The moderators of a community are particularly vulnerable to such attacks because of the added argument they can throw out that "you are just banning anyone who disagrees with you." But, I think most community moderators are even more hesitant to ban when they are personally involved. And I think most trolls know that and try to take advantage of it. I tend to look very hard and give the person every opportunity to actually make a legitimate point when I am personally involved.

But in the end, I have to make a call one way or the other. And I will always make that call based on what I think is best for the overall long term health of the community. That isn't always easy. I may not always be right. None of us can guarantee that. But I have to make the call. And if I think someone is arguing just for the sake of arguing, they are out.
6 comments|post comment

[16 Feb 2010|07:12am]

The profit motive.

Any time you get a bunch of people together doing anything, someone will find a way to profit from it. I'm not going to delve into the pros and cons of that here except to show how it appears to be effecting online communities.

One of the most important factors in the equation is finite resources. Things like bandwidth, storage, software and server power can be very expensive on a large scale, not to mention the cost of support personnel. Yeah, you can debate how much all this really costs on a site like LJ but the bottom line is the bottom line. Every penny more in costs is a penny less in profits. In modern business, companies take every penny they can.

This is even more extreme on resource intensive services like second life. They can only handle so many people online at once. Two years ago the online population at any one time was between 50,000 and 80,000. The numbers are the same today. They have had almost zero growth over two years. At the same time, there has been a constant flood of new accounts. That indicates a constant turn over of almost 100%. People are leaving as fast as they are coming in.

Members tend to complain that Linden Labs, the company who runs second life, isn't doing the right things to retain membership. But retaining membership is not in the best interest of profit. It is usually the new members who spend the most when everything is still new and interesting and exciting. It doesn't take long for members to fill up their inventory with junk and stop buying so much.

So the best way for Linden to profit from SL is to get people in the door, get what money they can out of them, and shove them out the door again. This is not a good formula for building community. But is it really smart to think about the future on a platform that could, and likely will, be made obsolete quickly?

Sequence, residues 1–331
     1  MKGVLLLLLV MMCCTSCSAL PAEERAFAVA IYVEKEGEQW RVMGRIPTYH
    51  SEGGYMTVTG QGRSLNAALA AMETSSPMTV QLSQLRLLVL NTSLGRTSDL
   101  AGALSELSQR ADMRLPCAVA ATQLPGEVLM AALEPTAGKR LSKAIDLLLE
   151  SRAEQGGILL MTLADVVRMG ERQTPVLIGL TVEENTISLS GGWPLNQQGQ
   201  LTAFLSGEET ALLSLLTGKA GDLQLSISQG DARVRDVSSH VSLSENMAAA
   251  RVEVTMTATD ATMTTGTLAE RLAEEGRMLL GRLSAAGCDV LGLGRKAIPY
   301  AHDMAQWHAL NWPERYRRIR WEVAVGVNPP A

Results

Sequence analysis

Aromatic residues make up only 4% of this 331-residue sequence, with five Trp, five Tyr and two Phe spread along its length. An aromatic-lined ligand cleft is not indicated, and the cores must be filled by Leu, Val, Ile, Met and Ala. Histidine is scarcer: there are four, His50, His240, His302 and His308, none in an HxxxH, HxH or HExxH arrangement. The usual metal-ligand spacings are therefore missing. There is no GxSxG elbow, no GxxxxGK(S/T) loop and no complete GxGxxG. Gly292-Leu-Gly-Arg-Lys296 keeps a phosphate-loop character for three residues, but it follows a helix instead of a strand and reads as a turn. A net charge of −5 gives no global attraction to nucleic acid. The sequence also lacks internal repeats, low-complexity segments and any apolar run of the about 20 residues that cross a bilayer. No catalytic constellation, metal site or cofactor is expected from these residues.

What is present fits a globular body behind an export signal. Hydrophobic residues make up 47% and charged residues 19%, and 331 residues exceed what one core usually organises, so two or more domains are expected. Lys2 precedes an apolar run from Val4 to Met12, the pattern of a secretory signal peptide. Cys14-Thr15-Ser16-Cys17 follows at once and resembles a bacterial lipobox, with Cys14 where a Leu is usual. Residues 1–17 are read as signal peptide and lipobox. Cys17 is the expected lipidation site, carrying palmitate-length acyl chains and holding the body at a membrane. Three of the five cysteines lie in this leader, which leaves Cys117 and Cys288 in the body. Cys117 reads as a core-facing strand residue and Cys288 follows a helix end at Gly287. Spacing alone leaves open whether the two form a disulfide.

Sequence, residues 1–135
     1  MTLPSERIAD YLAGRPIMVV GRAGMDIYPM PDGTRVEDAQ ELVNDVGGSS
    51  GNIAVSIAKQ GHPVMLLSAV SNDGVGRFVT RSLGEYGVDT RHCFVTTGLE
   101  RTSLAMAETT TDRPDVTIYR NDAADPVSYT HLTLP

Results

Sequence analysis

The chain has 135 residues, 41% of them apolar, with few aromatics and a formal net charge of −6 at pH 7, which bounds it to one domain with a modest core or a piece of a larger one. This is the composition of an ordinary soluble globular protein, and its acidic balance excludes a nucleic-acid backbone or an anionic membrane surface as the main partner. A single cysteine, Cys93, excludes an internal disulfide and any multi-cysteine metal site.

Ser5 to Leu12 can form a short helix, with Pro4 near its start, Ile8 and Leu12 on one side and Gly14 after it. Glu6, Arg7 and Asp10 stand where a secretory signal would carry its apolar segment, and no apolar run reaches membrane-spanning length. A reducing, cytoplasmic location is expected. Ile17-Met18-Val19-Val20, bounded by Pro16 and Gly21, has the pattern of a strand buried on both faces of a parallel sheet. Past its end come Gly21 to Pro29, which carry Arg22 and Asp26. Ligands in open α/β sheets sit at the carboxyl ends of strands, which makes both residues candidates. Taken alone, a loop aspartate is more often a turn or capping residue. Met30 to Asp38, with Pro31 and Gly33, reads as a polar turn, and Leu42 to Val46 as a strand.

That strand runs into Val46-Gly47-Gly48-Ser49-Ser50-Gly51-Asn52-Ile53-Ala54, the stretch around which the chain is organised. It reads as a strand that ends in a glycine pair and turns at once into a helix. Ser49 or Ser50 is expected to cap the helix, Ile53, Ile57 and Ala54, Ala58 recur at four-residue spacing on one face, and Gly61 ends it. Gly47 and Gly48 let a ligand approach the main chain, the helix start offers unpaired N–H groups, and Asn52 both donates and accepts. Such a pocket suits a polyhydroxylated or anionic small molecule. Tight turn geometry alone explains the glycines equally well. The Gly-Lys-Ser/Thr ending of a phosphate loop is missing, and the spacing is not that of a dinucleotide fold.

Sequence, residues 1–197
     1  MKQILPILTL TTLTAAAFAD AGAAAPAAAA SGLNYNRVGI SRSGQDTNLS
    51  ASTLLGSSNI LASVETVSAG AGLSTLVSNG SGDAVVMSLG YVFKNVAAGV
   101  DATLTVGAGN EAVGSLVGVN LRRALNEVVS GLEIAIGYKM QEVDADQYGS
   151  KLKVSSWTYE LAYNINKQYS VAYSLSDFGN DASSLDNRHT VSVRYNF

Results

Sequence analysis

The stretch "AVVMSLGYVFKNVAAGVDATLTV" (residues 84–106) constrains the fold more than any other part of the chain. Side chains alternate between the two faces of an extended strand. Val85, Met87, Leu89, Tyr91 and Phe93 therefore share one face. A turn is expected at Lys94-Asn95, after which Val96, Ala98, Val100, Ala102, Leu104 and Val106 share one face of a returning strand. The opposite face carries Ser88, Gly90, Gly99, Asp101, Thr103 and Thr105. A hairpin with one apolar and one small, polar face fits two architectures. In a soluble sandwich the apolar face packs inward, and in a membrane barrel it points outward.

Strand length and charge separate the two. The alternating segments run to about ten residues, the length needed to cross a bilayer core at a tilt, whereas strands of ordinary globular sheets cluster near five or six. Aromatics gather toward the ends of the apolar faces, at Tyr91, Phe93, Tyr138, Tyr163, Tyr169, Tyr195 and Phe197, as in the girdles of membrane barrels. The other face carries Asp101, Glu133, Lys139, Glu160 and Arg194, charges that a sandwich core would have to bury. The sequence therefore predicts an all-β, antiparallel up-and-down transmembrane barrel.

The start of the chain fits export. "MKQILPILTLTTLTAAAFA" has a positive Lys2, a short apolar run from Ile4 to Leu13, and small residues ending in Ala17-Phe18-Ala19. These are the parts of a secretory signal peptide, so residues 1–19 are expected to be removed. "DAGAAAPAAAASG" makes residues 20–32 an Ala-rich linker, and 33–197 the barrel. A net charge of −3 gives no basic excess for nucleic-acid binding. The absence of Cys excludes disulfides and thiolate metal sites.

I was recently looking at a post I did in January 2003 showing some of the stats from LJ at that time. 832,563 total users and 307,692 of those had posted in the previous 30 days. Compare that with the current stats of 25,078,440 total users and 906,963 posting in the past 30 days.

This again shows an extremely high turn over with very slow real growth. Good for the bottom line but not for community stability. I am seeing this happen all over the computer communications industry. Give people some exciting new toy to interact with, get them into it, harvest money, and send them packing. This isn't what the membership wants, of course, so they think the company is doing everything wrong. But the company just has a different agenda.
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[15 Feb 2010|07:18am]

One of the first posters in this community brought up the subject of dead communities. You can read the comments here. There were a couple interesting statements:

"it seems like a lot of people view communities kinda like watching a show on television. Somebody else is the producer, and they are the consumer, as opposed to the way in which a real life "community" is supposed to work out, where everyone is a consumer and producer."

"about those users that want to join a "alive community", I guess they can't imagine themselves giving life, animating this community. Which is sad because they could bring a new dynamism to it."

I followed up on this a few days later with this post asking what makes a community active and suggesting it is often just one or two active people. That really is pretty much it. I could make this community very active very quickly. I have done it many times in many places. All it would take is 100% of my time and effort. I get a kick out of people who sit back and make great suggestions of things I could do to make this active. Is there something wrong with you, some disability, that is preventing you from doing what you are suggesting I do?